In modern-day Florence, Italy, Inspector Alessandro Pallioti has his hands full investigating a series of execution-style murders. The victims, all elderly men, were recently awarded medals for their partisan activities during World War II. The motive for these murders is unclear. There is no evidence to indicate a suspect.
Among one of the victim’s effects, Pallioti finds a red leather book, a type of diary popular with elegant women, an unusual object for an elderly bachelor to have in his safe. Pallioti’s curiosity is piqued. The book belonged to a young nurse from a prominent Florentine family. It records life in occupied Florence, including her family’s partisan activities. They transport allied prisoners, Jews, and others through Nazi lines to Switzerland. Towards the end of the war when the allies are fighting their way to northern Italy, the family’s efforts continue despite the lack of food and essential supplies. Pallioti realizes this book holds clues to his investigation.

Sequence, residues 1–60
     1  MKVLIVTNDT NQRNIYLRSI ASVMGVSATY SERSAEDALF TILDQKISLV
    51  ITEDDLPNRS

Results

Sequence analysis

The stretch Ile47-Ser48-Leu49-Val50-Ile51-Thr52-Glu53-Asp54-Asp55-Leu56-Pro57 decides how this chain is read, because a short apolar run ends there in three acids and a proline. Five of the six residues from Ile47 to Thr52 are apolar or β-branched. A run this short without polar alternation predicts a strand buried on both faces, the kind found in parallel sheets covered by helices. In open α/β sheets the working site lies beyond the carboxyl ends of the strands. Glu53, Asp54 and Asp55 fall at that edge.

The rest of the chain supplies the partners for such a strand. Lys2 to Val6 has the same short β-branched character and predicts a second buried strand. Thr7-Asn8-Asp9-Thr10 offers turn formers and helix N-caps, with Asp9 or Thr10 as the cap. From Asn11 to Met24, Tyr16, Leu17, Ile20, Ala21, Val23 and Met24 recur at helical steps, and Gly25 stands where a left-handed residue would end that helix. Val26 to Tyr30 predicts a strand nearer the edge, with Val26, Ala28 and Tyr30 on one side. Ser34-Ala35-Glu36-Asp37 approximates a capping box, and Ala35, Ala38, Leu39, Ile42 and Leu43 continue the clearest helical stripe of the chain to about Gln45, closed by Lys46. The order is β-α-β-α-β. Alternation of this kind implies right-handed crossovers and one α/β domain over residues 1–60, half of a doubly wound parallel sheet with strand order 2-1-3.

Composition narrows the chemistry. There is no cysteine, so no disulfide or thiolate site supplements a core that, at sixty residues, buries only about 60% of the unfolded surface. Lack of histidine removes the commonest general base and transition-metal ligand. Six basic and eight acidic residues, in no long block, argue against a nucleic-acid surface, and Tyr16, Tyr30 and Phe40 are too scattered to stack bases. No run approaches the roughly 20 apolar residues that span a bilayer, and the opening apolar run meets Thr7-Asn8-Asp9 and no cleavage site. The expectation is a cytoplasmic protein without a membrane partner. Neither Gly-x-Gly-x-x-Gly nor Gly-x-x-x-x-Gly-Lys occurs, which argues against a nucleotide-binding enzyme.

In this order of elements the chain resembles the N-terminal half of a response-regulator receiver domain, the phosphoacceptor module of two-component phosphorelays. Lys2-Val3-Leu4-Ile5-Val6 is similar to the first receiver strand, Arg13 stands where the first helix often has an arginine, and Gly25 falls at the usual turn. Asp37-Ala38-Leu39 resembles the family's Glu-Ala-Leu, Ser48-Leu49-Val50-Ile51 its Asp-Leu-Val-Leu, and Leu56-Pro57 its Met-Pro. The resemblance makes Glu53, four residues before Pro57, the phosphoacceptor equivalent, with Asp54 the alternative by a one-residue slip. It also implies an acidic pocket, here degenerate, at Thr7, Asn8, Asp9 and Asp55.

Grindle writes with a clean, efficient style. The plot moves extremely fast, and her characters are well-developed. They are intriguing and likeable, and their motivations are understandable. The author empathetically portrays life in a Nazi-occupied city and the growing desperation of the citizens as supplies and options dwindle. This book was hard to put down.